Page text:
In a present world comprising of austerity and high unemployment, getting a job is not so easy. Employers are not only interested in the results of academic exams, but also skills. (Euro news). Hence vocational training has gained more importance with changing times.
To understand more about the role of growing need and demand of vocational training in the region, we first need to address some key issues existing in the current educational system:
What are the problems?
One of the primary aims of economic diversification is to create new jobs in the private sector to tackle youth unemployment among nationals in the GCC and ensure sustainable growth. However, if nationals don’t have the skills they need, expats will continue to be the more attractive option
Employers struggle to find the skills they need, especially at entry level. Only 16% of employers believe that curricula are currently aligned with private sector needs
As a result, governments are not managing to create the skills and attitudes they need to match the ambition of their national visions. The skills gap, however, is getting bigger — not just in the GCC — as knowledge economies demand more advanced competences.
There is an urgent need to get more GCC nationals working in the private sector. The old model of employing nationals in high-paying government jobs is no longer sustainable. It is damaging for the public sector: budgets are strained and government businesses struggle to become more efficient. It is damaging for the private sector too, which relies heavily on expatriates for its workforce. In the UAE and Qatar, only 1% of the private sector workforce is made up of nationals, rising to a high of just 18% in Saudi Arabia.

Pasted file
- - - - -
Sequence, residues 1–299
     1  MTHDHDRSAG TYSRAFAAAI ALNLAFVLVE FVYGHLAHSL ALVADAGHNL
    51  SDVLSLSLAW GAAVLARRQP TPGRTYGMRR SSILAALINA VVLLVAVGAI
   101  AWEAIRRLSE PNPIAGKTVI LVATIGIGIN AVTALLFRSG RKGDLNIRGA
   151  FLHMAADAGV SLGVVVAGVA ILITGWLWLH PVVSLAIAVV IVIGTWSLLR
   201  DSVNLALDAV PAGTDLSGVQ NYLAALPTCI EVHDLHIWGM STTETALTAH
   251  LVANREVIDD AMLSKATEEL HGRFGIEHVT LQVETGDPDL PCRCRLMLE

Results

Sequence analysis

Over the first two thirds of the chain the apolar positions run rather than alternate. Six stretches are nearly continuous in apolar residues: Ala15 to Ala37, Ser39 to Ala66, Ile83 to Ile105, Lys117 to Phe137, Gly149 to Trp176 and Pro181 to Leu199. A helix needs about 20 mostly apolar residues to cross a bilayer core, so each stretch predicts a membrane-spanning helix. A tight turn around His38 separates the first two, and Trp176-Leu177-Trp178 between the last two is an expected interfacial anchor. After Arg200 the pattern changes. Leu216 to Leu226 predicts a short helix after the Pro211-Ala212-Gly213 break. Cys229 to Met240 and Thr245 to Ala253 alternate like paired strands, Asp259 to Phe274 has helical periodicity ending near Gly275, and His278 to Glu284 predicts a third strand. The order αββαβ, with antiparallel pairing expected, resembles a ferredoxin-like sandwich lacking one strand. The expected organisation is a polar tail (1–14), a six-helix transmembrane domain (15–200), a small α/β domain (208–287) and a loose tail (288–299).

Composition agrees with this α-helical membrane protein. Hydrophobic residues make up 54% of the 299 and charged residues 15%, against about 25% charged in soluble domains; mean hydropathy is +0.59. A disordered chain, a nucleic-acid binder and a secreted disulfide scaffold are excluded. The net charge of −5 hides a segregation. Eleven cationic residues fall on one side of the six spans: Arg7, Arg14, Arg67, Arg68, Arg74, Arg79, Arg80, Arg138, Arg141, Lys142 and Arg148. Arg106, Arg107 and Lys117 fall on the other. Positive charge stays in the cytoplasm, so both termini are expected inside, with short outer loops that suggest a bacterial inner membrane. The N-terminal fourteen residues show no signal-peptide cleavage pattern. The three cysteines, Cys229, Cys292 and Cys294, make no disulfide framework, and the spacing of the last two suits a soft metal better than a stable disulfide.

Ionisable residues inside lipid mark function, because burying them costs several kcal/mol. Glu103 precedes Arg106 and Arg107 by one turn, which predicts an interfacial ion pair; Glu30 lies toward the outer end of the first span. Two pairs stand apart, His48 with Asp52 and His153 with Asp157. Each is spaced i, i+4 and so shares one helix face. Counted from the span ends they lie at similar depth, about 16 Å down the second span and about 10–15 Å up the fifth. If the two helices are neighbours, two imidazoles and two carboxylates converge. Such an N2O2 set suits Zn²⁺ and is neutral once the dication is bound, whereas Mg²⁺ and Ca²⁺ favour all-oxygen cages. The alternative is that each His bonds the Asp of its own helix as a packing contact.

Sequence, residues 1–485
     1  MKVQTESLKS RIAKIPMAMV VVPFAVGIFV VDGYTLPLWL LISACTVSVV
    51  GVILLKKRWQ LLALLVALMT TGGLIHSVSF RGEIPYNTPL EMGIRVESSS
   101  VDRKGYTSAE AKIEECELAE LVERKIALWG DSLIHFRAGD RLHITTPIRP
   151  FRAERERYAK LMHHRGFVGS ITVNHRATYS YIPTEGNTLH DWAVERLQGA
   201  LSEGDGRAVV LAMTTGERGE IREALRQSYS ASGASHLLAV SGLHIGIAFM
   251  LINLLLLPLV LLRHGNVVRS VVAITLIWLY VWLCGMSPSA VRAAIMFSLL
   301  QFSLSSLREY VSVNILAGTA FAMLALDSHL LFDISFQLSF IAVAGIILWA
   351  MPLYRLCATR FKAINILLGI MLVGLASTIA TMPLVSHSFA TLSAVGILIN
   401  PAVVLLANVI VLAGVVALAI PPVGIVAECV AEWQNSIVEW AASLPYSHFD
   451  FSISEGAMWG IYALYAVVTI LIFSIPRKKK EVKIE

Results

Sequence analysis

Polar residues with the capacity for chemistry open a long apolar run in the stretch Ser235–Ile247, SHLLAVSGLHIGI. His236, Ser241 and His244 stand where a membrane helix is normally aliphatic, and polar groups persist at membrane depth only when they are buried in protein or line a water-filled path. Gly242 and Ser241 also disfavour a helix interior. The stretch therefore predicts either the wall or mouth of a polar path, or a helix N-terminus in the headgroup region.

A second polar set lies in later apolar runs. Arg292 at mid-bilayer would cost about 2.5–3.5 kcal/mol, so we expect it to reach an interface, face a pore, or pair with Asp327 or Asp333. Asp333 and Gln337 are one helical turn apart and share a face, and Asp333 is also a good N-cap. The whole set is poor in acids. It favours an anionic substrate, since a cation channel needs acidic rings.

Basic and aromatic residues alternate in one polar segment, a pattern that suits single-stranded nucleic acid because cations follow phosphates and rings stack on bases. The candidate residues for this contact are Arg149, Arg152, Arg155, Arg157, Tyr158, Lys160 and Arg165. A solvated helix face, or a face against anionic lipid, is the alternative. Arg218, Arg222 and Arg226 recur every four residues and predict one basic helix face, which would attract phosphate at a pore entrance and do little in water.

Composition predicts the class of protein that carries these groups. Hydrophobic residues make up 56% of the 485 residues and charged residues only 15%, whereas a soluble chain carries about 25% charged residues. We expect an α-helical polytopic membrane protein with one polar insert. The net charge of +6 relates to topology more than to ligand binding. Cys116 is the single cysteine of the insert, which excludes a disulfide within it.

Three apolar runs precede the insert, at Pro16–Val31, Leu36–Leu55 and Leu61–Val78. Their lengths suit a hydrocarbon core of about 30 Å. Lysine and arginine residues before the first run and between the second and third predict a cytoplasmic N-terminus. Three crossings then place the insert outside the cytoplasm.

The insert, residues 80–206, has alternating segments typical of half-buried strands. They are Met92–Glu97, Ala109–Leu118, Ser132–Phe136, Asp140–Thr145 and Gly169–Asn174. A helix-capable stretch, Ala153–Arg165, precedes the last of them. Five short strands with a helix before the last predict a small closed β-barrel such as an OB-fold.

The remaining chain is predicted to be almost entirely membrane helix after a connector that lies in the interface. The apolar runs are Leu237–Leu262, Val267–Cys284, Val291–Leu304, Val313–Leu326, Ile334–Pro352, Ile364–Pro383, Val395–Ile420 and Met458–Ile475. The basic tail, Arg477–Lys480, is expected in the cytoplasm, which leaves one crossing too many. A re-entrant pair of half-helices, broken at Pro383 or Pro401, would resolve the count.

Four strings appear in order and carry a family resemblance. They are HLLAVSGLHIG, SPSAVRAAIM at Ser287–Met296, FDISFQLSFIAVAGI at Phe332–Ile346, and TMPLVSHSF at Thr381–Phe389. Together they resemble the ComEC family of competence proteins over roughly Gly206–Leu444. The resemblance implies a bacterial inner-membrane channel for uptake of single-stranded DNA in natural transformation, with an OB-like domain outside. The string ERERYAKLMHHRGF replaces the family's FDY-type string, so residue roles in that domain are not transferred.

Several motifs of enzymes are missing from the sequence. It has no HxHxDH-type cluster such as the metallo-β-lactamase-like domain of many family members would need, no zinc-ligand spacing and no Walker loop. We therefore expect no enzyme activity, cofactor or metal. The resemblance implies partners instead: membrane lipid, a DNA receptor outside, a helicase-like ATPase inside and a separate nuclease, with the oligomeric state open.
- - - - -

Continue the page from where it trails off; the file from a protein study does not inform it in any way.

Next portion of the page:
Youth unemployment is already among the highest in the world, boosted by the fast-growing population. Saudi Arabia has the highest rate in the GCC at 30%.
Even in the UAE, where per capital income is high and the national population relatively small, the rate has reached 10% and the trend is upward.
Why is Vocational Training a massive investment opportunity?
GCC governments are investing heavily in the education sector and have pledged a further US $24 billion by 2017. Saudi Arabia’s investment in its human capital has doubled in the past five years, for example, and now accounts for around a quarter of total government spending — one of the highest levels in the world.
Where spending is already high, such as in Saudi Arabia and the UAE, it is important that spending is strategic, focusing on human capital – not only in teaching students, but also in training their teachers – rather than focusing on constructing and equipping schools.
However, new hires often lack the skills and behaviors that would enable them to build long and successful careers in the private sector. The biggest challenge is high salary expectations. But a third say behavioral attributes, such as communication skills, discipline, commitment and attitudes toward employment make it difficult to retain nationals. Lots of work need in soft skills such as punctuality, innovation, adaptability, handling stress, commitment, conflict resolution, self-motivation, leadership, problem solving, willingness to learn, team spirit etc.
How can Kaplan Genesis help?
At Kaplan Genesis we follow a double helix approach to professional development. We believe improving decision-making by developing both Behavioral Confidence and Technical Competence is the very DNA of great leadership. Our programs deliver the right mix of behavioral and technical development throughout to drive performance and produce results.
Kaplan Genesis is part of the global Kaplan family- the world’s largest diverse educator established for over 75 years.